Every year, the beginning of December marks Hour of Code. While coding and computational thinking are important skills that have benefits when incorporated year round in classroom programs, this is an excellent time where classrooms around the world participate; empowering students in d the development of these skills. In this post, I’m highlighting 3 activities that I will be using in my school to help support teachers who are new to coding and are wanting to give it a try this coming week. 

This year, I’m envisioning centers so that students have an opportunity to participate in a variety of different activities while still allowing for small group teaching, especially with Scratch. 


Who doesn’t love playing with Lego? I have to admit that even as an adult, when I have the opportunity to build with my nephews, I get excited at the possibility of creating with Lego. One of the unplugged – no tech required – activities that students have enjoyed is Coding Lego Mazes. This free resource is a great way to get started. The idea is that students have the opportunity to create their own mazes and once built, have to navigate their way to the end by thinking of all of the steps that it might take. In doing this, students start to think about giving clear navigational instructions using commands – similar to how we might use commands when coding. Older students can consider creating their own more elaborate mazes and the premise is the same, whereby they have to be able to direct someone from the beginning to the end of the maze.

Lego also has an online coding game, Bits ‘n’ Bricks. Students learn how to code using blocks as they help Bit on an Adventure.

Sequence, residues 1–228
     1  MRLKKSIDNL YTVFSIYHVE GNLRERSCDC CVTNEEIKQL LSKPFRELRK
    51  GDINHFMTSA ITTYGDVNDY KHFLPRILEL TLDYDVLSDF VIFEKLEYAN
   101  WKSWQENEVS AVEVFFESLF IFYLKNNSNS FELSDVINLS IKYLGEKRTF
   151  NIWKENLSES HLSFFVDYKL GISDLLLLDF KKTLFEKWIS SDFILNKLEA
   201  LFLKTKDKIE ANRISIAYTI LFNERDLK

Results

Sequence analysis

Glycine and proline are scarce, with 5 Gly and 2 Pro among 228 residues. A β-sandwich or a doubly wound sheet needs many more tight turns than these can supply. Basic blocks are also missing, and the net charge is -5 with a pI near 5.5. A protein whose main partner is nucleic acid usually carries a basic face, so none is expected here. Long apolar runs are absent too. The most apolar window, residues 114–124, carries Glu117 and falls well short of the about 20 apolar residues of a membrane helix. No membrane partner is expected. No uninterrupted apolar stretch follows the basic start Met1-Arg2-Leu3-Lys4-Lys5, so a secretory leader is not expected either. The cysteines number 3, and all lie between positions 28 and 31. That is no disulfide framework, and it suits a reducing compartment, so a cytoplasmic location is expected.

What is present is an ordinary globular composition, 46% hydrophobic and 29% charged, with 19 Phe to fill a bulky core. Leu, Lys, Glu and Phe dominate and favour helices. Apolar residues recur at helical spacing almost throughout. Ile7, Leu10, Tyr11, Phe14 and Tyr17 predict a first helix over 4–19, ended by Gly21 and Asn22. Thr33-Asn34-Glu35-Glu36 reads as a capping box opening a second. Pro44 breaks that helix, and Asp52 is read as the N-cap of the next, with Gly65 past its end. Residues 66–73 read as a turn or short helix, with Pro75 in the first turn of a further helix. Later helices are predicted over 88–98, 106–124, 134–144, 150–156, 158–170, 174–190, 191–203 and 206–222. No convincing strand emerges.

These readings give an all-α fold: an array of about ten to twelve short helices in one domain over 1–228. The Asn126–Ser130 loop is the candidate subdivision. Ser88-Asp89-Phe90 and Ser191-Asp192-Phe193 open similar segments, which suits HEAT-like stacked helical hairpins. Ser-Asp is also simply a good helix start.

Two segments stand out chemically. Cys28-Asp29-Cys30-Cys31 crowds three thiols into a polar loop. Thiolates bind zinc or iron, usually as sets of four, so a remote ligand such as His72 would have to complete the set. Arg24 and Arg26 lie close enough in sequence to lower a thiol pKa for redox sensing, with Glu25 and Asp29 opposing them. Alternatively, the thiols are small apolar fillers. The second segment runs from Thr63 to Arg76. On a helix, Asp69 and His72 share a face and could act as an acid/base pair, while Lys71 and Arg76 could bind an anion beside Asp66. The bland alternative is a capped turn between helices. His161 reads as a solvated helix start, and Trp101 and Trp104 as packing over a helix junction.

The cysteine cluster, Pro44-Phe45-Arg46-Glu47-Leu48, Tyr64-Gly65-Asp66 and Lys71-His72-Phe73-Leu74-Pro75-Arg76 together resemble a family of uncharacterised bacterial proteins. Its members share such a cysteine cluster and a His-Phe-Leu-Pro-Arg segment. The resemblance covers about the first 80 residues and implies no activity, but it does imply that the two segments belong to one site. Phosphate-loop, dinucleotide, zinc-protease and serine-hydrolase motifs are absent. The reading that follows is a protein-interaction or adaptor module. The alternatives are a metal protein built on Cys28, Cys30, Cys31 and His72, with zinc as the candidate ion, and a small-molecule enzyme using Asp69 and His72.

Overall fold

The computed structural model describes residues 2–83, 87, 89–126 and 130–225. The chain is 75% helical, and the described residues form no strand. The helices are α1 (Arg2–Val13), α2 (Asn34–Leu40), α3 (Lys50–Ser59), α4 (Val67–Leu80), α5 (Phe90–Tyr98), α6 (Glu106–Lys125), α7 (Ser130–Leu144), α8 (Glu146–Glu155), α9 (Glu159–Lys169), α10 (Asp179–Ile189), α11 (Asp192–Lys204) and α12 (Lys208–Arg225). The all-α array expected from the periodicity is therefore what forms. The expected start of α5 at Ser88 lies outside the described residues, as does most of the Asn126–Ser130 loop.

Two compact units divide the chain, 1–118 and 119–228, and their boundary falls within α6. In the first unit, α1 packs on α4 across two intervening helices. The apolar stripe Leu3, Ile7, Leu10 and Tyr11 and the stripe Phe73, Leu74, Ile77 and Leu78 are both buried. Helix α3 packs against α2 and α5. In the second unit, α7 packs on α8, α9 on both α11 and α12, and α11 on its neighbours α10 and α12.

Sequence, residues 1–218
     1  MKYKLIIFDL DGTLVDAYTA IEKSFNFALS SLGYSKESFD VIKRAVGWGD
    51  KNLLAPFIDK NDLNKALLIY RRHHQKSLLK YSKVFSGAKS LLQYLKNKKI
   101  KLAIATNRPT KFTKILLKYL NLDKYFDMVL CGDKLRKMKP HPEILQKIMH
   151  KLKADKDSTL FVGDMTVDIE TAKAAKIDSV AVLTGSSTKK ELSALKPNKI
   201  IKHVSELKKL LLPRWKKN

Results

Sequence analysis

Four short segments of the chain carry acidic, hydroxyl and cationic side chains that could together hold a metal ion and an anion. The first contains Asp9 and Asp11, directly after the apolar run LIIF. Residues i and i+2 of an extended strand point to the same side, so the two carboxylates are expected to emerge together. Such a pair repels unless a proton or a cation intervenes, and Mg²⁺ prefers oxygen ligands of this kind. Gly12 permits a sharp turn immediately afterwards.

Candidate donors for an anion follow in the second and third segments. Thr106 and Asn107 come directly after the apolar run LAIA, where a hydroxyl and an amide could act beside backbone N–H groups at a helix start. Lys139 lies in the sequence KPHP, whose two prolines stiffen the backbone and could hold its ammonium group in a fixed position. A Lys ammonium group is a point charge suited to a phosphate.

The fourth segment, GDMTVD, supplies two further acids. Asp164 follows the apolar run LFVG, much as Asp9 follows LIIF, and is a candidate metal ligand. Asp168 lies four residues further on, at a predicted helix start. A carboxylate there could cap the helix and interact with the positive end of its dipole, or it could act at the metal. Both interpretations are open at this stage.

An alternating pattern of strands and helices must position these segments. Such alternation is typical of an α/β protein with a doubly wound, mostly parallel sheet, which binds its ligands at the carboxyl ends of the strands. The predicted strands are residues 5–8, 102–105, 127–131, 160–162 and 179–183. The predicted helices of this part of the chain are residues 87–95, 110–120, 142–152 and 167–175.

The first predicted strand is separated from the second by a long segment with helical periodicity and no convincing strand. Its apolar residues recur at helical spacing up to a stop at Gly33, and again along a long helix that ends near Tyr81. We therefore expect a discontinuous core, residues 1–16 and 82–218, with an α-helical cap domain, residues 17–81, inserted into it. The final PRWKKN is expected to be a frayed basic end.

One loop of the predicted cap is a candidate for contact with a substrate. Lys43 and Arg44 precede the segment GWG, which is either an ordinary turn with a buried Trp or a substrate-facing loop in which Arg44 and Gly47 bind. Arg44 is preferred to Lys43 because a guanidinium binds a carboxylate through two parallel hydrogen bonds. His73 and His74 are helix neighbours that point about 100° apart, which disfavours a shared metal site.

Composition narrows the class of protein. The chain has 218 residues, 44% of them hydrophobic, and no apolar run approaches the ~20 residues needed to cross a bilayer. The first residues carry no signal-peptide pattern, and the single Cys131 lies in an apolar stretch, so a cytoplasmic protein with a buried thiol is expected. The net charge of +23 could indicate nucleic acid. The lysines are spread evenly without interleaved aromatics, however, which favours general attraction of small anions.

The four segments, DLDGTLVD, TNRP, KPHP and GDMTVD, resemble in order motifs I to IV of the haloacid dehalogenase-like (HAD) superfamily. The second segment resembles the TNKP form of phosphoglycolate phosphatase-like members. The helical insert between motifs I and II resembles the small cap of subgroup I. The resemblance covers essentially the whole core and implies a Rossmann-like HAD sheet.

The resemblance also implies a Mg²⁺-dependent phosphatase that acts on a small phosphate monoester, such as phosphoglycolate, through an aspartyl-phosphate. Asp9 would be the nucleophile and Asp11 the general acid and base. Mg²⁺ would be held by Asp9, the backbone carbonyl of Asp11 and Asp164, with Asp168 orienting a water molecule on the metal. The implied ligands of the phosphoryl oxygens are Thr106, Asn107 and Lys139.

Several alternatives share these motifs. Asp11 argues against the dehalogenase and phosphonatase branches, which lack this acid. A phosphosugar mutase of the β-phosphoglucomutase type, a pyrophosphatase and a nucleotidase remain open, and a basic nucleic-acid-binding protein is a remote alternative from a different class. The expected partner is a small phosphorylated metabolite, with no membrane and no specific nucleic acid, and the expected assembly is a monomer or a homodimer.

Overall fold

Guided Online Activities

There are so many really great activities online that guide students as they learn to code using blocks. As students progress, the levels get more challenging and they gain a greater understanding of how code is formed and used as commands for specific actions. Below are a few links to some that I have used in the classroom with students.


Made With Code

I often share links with students in Google Classroom and they can select which activities they may enjoy participating in with a partner or in a small group. 

Creativity with Scratch

I’ve used Scratch mainly with Junior students. The TDSB Coding In The Elementary Grades website has a variety of lessons from K – Grade 8 that guide educators as they teach students to create. I’ve used a number of these lessons to help students gain some of the basic skills in Scratch as well as in the creation of their own narratives. I love that they have broken it down by subject area. Take a look and see if there is anything that has a specific connection to what you are currently working on that students can try. We’ve been working on Geometry so this week, we’ll be using Scratch to determine how we might draw 2D shapes. Here’s the link to an article that I saw in Edutopia that we might use to get us started as we think about angles and side lengths. 

For teachers new to coding, I hope that this helps. In my Hour of Code presentation, there are a few more ideas that you might also be interested in incorporating in your classrooms. Whatever you do, I hope that you have a great time coding and learning with students next week!


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